Completed FIPs have achieved all of their objectives. FisheryProgress does not continue to review FIPs’ progress or data once marked as completed on the site.

The Difference Between Basic and Comprehensive 

FisheryProgress tracks two types of active FIPs – basic and comprehensive. Some companies include requirements about FIP type in their procurement policies.

Basic FIPs are a good entry point for fisheries to begin addressing specific environmental challenges to improve their performance against the Marine Stewardship Council Fisheries Standard. Basic FIPs complete a needs assessment to understand the challenges in the fishery.

The primary differences between basic and comprehensive fishery improvement projects are the level of scoping to inform development of the workplan, the objectives, and the verification required.

Comprehensive FIPs aim to address all of the fishery’s environmental challenges necessary to achieve a level of performance consistent with an unconditional pass of the MSC Fisheries Standard. Comprehensive FIPs engage a party experienced with applying the MSC standard to complete an MSC pre-assessment to understand the challenges in the fishery and must have independent, in-person audits of progress against the MSC standard every three years.

Some FIPs change from basic to comprehensive over time, and when appropriate, seafood business can play an important role in encouraging basic FIPs to transition to comprehensive.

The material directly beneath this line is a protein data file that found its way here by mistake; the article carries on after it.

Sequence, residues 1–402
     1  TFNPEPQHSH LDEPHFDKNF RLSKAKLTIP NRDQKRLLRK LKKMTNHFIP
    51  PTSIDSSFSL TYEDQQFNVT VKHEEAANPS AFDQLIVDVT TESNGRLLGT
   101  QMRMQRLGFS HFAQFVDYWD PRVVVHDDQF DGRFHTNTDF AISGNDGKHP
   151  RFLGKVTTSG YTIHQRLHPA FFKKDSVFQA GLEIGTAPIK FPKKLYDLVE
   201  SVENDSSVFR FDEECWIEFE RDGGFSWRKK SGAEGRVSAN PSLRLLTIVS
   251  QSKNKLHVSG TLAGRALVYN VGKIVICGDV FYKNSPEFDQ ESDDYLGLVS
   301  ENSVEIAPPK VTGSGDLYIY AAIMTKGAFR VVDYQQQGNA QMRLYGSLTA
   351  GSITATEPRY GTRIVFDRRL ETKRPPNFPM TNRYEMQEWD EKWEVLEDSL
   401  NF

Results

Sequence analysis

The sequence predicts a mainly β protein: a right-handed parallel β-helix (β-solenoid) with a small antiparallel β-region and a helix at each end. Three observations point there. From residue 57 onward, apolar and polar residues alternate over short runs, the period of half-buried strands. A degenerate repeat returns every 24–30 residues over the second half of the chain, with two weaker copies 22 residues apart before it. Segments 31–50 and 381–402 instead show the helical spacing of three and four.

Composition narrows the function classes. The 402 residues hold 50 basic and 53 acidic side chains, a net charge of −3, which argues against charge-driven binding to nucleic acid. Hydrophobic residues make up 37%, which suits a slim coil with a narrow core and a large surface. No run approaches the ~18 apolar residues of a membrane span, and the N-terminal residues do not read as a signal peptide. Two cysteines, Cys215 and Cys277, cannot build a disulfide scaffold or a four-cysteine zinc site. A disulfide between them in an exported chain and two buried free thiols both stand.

How to Tell if a FIP is Making Progress

How a fishery’s scores change over time is an indicator of how the fishery is improving. A summary of how the fishery’s scores have changed since the start of the FIP is available on FisheryProgress in the “FIP at a Glance” section on the Overview tab. You can access more detailed information for each FIP on the Improvement Progress tab.

Reviewing the progress the FIP is making against its workplan is another indicator of the FIP’s progress. On FisheryProgress, a FIP reports all progress against their workplan on the Actions Progress tab. This includes the results of FIP actions and tasks. FIP actions are listed as Completed, On Track, or Behind Schedule. Narrative updates are available by clicking on the Action Name.

The FIP progress rating reflects the rate of progress in the FIP against specific time benchmarks. Each FIP has an A - E progress rating associated with it. See the Sustainable Fisheries Partnership (SFP) FIP Evaluation Tool for more information about how the progress ratings are derived.

Products from FisheryProgress FIPs on FishChoice

Symbol Summary Definition
Fishery Improvement Project (FIP) on FisheryProgress Identified seafood source is currently in an active basic or comprehensive fishery improvement project (FIP) on and the supplier identified for the product is listed as a participant on the associated FIP profile.*
*FishChoice does not recommend identifying products from a FIP outside the parameters described above — either on our site or while using our tools. FishChoice recommends that businesses who source products from sources that overlap with a FIP, but that are not directly in that FIP, identify their non-FIP source as well to best inform staff and customers. It is the responsibility of FishChoice Partners to ensure the sourcing information they provide to FishChoice is reflective of their product sourcing. FishChoice does not independently validate any Partner sourcing information and is not responsible for the accuracy of sourcing information displayed on the product page.